Scientists at the Amsterdam UMC are collecting data from corona patients to understand how many people end up in intensive care (IC) and which treatments help best.
Using a large database with medical data, the scientists at the Amsterdam UMC, Maastricht UMC+, the UvA and the Vrije Universiteit hope to find insights that will help in the fight against the coronavirus. Their database went live this week.
While patient data is normally stored in an electronic file, the data of corona patients will now added to the database. Neurologist Martijn Beudel says inputs include, ‘How fast do patients breathe? What is their heart rate? Do they need ventilation? Are they obese? We hope to recognise patterns, such as the likelihood that an ill person will have to go to the IC.’ Once a pattern has been identified, scientists can run a prediction model. ‘This enables the doctor to decide better which treatments will work.’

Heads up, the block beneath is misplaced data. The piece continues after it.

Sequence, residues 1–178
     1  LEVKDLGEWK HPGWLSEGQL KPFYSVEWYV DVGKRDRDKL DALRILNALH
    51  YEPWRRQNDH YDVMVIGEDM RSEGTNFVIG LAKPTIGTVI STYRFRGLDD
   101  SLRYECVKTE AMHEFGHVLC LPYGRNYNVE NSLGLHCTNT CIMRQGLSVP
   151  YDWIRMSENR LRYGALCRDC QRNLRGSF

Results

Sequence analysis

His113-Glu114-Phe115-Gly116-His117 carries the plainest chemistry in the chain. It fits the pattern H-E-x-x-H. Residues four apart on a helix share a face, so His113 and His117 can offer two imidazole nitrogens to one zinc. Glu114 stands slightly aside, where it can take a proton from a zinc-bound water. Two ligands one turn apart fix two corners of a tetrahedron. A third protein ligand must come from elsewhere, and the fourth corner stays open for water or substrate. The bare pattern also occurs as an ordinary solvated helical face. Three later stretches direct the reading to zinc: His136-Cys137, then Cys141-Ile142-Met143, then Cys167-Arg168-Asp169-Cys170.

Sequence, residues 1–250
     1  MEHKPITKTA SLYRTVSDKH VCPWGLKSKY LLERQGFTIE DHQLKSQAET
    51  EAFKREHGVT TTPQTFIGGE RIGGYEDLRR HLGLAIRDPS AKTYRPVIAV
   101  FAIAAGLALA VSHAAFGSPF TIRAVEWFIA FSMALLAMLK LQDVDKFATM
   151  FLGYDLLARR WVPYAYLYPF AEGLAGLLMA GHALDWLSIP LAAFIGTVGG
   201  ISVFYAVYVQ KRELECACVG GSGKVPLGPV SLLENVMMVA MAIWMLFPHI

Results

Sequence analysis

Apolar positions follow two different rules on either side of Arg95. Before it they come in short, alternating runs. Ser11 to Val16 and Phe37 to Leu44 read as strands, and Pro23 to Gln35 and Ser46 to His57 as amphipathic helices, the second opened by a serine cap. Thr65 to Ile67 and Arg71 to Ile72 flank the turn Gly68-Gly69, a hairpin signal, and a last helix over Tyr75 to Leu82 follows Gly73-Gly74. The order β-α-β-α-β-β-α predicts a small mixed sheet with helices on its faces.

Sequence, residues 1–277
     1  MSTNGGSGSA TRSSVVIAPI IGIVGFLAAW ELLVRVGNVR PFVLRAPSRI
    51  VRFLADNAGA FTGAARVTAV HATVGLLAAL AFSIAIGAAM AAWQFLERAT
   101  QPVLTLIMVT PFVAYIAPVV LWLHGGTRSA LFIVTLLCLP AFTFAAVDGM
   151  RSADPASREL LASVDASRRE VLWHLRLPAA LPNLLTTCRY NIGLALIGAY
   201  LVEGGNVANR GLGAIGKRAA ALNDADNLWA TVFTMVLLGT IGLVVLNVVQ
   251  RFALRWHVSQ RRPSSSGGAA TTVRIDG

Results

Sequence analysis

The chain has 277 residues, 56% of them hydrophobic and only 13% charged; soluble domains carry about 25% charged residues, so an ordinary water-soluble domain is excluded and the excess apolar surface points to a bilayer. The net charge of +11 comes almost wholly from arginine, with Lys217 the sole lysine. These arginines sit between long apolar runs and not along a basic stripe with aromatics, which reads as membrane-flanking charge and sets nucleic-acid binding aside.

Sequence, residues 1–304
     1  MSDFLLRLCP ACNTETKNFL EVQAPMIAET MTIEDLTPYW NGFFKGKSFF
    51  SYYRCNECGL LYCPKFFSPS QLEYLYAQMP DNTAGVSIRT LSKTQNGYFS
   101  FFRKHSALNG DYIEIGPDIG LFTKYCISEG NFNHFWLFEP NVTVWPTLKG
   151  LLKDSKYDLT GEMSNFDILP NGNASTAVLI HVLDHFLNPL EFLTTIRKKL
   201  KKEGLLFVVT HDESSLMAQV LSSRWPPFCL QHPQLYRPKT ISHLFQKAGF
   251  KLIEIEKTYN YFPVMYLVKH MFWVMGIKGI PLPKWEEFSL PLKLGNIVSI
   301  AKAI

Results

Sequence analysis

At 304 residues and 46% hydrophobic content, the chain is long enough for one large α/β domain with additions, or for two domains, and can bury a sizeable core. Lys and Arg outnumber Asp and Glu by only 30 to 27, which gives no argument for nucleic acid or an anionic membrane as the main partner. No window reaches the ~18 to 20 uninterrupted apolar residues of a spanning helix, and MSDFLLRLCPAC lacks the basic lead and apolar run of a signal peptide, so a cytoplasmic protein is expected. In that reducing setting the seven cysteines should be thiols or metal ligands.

Because it’s a public health crisis, it’s not necessary to ask patients for permission to use their data. The data cannot, however, be tracked to individuals; and patients can also object. There are around forty patients in the database but the aim is to collect ‘data from hundreds to feed the algorithms.’
The hospitals could also use the model to check whether the IC units can cope in terms of occupancy. And it could be helpful when difficult choices have to be made. ‘You can predict how likely it is that an ill person will recover. This is particularly important to know in times of scarcity.’